This said our dismay at the WiFi conundrum was quickly appeased by the offering of chilled champagne and white wine on offer at the bar. The food offering whilst not anything to really write home about, was fresh and clean on the palette, as well as some naughty chocolatey dessert options.
Whilst all the flights were called silently by an impeccably dressed lounge assistant who toured the lounge with a paddle with flight number on it, we headed off a few moments before we thought the flight was going to be called, to get to the front of the line so we could photograph the cabin sans-travellers.
Sadly though, the plane was late coming in and even later boarding due to the strong headwinds across the Atlantic towards the USA. Our dual speaking gate agent was very reassuring however that the strong headwinds, would work in our favour, even with a 60 minute delay taking off, getting us to our destination (CDG) pretty much on time. That said, the announcement (and our first suspicion of the lack of the newer aircraft) that there was also an aircraft change, filled us with concern, as we were there to review the new fully-flat business class product.
Undeterred, as soon as boarding commenced, we decided to make the most of it!
Enterring the aircraft through door 2, we were greeted by the business class cabin both left and right, only two rows of first class ahead of a mini 2 row business class cabin where we were located. Considering we were not expecting anything really that special, we were fairly surprised. This particular aircraft was showing hardly any signs of wear and the business class seats seemed almost impeccably kept.
The business class seats in the older style Air France 777s are situated in a 2 x 3 x 2 configuration, which when situated in the middle section does seem a little cramped, although the dual seats either side of the midsection, felt spacious and well proportioned. The first noticeable element in the cabin, apart from the older lighting equipment is the smaller TV screens, that feel disproportionate from the seat size.
Our seats, the last row of the mini cabin, although situated directly in front of a lavatory, were well insulated, isolated and felt private. Seat 4L is perhaps one of the better business class seats. We suggest avoiding seats in row 10, which are lacking a window, or obviously the middle seats in the cabin.
On the bulkheads there were a nice collection of magazines, both in French and English.
The seat doesn’t seem to have much seat pitch when getting in the seat, but the depth of the seat and depth of the footwell is vast, and therefore, offers one of the longest angle-flat seats in the sky. The overall look of the seat is smart, and chic, with cream leather and cream seat finishes framing the deep slate blue seat. Each seat has an angle-poised lamp too, which is a nice touch.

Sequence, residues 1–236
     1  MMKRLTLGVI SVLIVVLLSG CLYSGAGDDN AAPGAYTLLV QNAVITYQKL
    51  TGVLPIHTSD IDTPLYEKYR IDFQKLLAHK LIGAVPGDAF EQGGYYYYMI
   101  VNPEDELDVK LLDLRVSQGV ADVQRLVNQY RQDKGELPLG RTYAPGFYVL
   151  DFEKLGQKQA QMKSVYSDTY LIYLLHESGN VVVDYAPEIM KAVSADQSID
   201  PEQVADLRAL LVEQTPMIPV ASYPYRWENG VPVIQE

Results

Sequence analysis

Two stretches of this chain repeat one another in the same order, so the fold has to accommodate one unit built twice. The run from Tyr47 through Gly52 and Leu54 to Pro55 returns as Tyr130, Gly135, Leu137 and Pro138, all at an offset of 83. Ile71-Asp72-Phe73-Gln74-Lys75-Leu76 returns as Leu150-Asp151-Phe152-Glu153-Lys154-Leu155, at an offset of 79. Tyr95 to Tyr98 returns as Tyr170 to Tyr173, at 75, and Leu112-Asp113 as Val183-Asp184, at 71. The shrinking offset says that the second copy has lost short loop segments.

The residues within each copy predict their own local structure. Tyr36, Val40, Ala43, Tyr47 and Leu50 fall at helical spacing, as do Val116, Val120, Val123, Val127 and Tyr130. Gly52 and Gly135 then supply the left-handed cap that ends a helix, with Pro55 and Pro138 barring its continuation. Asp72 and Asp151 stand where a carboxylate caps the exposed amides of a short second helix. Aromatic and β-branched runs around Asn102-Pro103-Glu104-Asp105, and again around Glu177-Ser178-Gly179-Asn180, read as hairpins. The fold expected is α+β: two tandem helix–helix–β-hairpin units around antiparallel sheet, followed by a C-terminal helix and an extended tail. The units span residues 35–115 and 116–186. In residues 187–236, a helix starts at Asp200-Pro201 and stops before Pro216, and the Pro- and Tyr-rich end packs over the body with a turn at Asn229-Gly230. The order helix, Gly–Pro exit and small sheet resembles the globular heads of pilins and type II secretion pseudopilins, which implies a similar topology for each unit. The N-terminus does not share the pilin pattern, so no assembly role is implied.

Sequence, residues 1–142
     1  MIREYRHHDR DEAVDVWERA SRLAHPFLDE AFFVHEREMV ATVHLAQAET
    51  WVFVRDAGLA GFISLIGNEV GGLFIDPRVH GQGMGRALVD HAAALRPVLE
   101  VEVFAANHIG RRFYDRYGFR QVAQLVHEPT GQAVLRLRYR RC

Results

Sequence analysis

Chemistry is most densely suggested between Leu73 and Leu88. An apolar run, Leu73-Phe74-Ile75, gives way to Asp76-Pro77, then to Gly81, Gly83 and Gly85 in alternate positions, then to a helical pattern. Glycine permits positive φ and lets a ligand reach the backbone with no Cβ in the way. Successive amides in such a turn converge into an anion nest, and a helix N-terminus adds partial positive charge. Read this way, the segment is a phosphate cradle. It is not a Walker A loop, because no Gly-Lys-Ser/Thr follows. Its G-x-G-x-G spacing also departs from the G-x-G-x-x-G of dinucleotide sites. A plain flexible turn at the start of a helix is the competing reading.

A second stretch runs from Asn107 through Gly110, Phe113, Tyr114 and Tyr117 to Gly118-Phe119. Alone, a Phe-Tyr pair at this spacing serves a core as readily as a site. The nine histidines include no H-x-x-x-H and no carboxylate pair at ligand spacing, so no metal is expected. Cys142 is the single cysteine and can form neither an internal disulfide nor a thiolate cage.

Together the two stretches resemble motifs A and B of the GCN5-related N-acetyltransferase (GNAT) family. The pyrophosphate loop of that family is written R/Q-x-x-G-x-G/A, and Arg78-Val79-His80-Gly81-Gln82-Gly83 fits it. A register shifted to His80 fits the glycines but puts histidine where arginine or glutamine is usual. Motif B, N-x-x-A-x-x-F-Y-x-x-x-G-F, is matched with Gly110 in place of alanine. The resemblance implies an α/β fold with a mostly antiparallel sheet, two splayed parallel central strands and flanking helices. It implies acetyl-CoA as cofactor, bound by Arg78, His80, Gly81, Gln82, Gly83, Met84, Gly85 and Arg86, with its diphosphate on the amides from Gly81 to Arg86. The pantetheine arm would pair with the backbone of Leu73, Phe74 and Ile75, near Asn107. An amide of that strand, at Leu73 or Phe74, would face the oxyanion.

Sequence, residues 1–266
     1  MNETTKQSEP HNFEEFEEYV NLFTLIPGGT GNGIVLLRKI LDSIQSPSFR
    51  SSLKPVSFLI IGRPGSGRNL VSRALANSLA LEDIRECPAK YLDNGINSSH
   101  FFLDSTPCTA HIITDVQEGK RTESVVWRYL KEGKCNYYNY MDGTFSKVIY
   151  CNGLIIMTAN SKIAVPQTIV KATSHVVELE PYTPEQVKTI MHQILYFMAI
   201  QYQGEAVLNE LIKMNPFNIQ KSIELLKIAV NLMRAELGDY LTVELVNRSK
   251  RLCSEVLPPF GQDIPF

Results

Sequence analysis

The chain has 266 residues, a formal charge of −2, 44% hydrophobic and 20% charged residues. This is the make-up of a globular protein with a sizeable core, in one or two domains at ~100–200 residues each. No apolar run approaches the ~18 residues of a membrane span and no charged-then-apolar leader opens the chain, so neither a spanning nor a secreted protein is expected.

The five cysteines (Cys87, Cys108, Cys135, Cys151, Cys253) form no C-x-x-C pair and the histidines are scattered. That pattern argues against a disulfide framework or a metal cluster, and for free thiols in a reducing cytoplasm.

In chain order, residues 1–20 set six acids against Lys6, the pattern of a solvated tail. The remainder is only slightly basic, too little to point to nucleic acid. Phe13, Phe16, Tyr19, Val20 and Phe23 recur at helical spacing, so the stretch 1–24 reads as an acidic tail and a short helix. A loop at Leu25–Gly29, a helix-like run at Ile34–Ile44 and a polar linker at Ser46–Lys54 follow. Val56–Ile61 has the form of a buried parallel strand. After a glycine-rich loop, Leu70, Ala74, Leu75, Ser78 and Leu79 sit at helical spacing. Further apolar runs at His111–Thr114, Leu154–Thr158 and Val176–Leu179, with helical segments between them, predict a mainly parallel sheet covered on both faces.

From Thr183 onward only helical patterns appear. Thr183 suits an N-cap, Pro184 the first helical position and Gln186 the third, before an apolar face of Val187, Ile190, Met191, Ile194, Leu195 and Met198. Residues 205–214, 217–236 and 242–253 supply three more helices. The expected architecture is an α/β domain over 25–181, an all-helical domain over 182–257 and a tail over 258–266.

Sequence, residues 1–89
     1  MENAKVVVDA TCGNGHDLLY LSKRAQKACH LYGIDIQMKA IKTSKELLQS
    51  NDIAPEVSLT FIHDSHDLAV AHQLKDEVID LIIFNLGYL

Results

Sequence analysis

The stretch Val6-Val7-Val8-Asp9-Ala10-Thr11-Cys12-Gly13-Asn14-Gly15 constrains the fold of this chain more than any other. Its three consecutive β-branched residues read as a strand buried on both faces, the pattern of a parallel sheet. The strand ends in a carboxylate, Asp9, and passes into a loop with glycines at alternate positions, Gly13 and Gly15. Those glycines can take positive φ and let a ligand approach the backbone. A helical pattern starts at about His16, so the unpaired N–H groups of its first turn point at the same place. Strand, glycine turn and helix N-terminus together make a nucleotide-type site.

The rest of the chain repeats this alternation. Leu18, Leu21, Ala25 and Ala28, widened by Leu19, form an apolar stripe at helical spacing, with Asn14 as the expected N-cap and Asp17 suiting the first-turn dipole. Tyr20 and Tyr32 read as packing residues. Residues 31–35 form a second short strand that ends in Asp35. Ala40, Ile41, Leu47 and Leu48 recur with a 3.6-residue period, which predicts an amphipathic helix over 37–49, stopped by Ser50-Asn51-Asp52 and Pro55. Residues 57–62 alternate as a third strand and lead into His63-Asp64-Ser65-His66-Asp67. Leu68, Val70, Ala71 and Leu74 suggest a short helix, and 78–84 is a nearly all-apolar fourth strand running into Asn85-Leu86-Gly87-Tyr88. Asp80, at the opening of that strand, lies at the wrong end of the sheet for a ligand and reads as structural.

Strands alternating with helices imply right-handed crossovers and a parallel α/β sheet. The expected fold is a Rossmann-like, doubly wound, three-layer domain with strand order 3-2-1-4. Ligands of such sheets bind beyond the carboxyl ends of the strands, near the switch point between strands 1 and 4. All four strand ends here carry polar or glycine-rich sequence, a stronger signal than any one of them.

Waiting on the seat when we arrived was an oversized pillow, covered in a cotton duo-tone slip, a hanger suggesting they will take your jacket, and a set of slippers. There was also a very warm, thick and good sized blanket, perfectly sealed.
When climbing into your own space, the seat feels comfortable, spacious and solid. There is a very decent recline and a massage setting as well. The seats next to the aircraft walls offer more of a cocoon feeling than their counterparts, and for a night flight, that’s just perfect for us. On the seat back in front, is a divider section, which has two shoe holes, as well as literature pockets and coat hooks. The fully fixed TVs in the seat backs are indeed small, and the interface quite frankly, ancient, although this has been addressed with their new IFE system on the newer 777 interiors.
The seat when reclined is lowered too, so you are quite close to the floor, but the general benefit of this, is being lowered deeper in-between the seat divider, giving you increased privacy as you sleep. The larger seat panels also mean the pseudo-mattress is less bumpy, offering better rest. In fact, on the incredibly short flight we had, we had one of the best 3 hour power-naps we’ve ever had.
In between the seats was a small drinks table, which perfectly fits an iPhone, as well as the seat controls, including a massage function. The seat has a lot of different settings, meaning finding your perfect ‘sweet spot’ was easy. Although, without the memory function, difficult to get back to if you had to sleep, or get out of your seat.
As mentioned earlier, the entertainment wasn’t the easiest to navigate, and the quality plus square shaped screens meant the image wasn’t top notch either. In reality, the entertainment was the downside of the flight. Not the content per se, as there were plenty of movies and TV shows to pick from, along with moving maps and on-board cameras, however, the ease of navigation let the system down.
Matching this with the inbuilt headphones, (totally wired in) meant they were battered and worn looking. For cleanliness, the only saving grace was a pair of hygienically wrapped headphone covers to place on the headset yourself. Don’t expect high definition or quality sound here. We still managed to find a good movie to watch whilst enjoying our midnight feast at 35,000ft. Being a night-flight too, we weren’t too sorely disappointed, as entertainment wasn’t high on our list.